You've decided that you want to give time-lapsing a go. You've the kit and the idea; is there anything else that you need?
In the run-up to the festive season, it's possible that people will be taking more photos than usual. Parties, pretty lights, and present-opening, afford ample opportunity to take photos and share them on social media. However, research recently commissioned by the online learning company lynda.com revealed some interesting facts about people's photo-taking habits. Aside from the fact that 64% of Brits now use smartphones or tablets to take photos, it would also seem that quite a few people are also too intimidated by the process, or by technology, to have a go themselves. Based on the figures that came out of the survey, we've put together five tips to help anyone who might feel a bit afraid of photography to start taking better photos without too much fuss.
1. Read the manual
60% of the people questioned spent fewer than 30 minutes learning how to use their cameras properly. Whether you use a smartphone, a point-and-shoot, or an interchangeable lens camera, read the manual. Or the destructions, as we call them. Understanding the capabilities of your picture-taking device will have a noticeable impact on what you can achieve with it.
2. Get closer
Apparently, only about 45% of the sample made any attempt to improve the composition of their photos. Our top tip: get closer. And if you're working with a smartphone, get closer physically; don't rely on digital zoom.
3. Think about what you're photographing
Of those surveyed, 71% responded that they relied on the law of averages to return a decent photo. They work on the principle that if they take lots of shots, at least one should work out. Our advice? Slow down and think about what you're doing. What story are you trying to tell? A little contemplation should bring you better results than aerosol clicking.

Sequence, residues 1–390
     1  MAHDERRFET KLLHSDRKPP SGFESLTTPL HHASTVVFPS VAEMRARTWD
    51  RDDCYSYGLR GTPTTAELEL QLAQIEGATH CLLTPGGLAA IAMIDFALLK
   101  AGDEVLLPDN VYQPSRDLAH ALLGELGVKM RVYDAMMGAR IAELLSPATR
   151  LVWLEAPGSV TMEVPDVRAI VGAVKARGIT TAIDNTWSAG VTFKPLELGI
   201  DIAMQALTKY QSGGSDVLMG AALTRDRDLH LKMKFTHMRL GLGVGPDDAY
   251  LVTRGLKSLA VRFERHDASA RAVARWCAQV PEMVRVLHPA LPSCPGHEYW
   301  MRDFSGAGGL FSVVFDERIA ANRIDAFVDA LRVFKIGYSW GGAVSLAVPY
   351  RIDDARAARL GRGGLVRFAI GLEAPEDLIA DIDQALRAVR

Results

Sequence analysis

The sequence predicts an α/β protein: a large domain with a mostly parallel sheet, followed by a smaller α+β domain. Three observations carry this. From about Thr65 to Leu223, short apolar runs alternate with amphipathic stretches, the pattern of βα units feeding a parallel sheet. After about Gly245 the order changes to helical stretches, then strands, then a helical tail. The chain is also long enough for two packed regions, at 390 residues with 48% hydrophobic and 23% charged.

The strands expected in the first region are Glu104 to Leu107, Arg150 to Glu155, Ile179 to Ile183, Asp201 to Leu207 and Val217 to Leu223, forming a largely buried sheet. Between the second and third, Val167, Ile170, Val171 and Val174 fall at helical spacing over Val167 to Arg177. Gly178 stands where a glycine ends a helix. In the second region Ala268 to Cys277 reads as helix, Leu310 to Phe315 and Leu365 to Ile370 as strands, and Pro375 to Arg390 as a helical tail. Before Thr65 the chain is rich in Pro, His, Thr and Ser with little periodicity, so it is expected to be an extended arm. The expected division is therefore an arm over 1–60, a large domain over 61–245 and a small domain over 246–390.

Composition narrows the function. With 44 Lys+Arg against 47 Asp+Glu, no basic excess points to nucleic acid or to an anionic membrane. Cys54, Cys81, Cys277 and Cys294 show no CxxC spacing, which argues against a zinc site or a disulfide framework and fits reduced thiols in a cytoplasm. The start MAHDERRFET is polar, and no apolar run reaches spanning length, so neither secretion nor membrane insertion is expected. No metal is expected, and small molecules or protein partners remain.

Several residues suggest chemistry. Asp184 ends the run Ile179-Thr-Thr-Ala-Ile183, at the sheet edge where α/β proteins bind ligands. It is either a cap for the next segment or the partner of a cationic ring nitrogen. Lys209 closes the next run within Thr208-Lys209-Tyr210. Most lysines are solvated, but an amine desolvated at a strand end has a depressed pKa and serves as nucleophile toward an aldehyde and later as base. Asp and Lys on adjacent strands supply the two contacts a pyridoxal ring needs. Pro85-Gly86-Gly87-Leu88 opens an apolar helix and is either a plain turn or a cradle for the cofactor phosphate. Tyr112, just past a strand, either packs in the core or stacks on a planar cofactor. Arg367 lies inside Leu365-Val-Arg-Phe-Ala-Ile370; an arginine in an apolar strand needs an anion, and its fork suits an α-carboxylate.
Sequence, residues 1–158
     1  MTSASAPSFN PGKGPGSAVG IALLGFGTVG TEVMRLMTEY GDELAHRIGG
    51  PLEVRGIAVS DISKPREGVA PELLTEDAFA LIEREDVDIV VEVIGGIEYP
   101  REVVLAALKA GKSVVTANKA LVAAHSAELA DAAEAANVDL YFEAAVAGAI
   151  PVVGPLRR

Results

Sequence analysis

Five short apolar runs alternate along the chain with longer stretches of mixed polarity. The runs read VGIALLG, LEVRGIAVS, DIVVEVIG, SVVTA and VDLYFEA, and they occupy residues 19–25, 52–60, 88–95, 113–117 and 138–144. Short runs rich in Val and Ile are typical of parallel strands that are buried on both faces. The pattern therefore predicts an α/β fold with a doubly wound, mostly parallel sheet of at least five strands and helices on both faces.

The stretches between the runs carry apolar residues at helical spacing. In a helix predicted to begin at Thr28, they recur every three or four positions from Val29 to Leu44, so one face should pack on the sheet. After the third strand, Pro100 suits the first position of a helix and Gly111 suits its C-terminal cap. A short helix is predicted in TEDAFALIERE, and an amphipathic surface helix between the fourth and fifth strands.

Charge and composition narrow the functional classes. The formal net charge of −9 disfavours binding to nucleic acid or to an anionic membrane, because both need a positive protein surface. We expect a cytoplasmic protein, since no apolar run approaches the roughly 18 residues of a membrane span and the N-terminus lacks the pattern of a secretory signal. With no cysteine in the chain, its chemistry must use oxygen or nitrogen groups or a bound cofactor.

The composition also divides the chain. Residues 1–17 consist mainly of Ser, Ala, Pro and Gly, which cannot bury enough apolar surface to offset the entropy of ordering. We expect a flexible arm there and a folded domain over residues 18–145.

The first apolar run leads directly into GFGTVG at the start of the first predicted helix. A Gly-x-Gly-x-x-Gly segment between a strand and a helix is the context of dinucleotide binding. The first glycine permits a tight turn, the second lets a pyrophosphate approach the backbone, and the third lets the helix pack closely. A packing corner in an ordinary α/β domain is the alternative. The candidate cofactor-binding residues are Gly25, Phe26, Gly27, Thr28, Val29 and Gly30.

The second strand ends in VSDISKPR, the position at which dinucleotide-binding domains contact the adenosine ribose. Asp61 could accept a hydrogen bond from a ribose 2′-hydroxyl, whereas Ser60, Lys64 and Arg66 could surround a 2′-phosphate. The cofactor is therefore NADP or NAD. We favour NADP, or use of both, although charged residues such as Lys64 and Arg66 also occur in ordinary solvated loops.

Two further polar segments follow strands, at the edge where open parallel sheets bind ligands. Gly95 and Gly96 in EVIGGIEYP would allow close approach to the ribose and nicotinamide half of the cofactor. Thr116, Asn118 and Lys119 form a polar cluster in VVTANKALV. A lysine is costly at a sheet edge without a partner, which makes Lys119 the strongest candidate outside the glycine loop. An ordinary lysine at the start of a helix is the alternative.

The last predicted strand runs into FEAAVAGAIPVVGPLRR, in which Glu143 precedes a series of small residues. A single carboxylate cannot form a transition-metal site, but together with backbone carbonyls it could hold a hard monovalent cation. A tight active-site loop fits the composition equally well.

4. Editing doesn't have to hurt your head
Almost everyone who responded to the survey stated that they wanted to be able to make their photos look better, but the majority didn't feel that they have the skills to do so. While you can't turn a sow's ear into a silk purse, it is possible to make a few fundamental edits to a photo and elevate it from ordinary to much better looking.
There are three simple adjustments that you should make to every photo you take: to the crop, the colour, and the contrast. They're not time-consuming or complicated and can be accomplished with a basic editing package. You don't need to master Photoshop—or fork out for it—to make them.
5. Invest in a little education
As few as one-in-fifty of the survey group made use of any training to help them improve their photography. Seeing as the photographer is the most significant element in creating a great photo, doing a little learning will help enormously in the quest for better images. The good news is that by reading this, you've made a start. To help you even more, you can try a book or two or sign-up to any number of courses. There are hundreds, maybe even thousands out there. Obviously lynda.com, which commissioned the research would like you to look there, but may we suggest that you take a look at the Photocritic Photography School. It's free!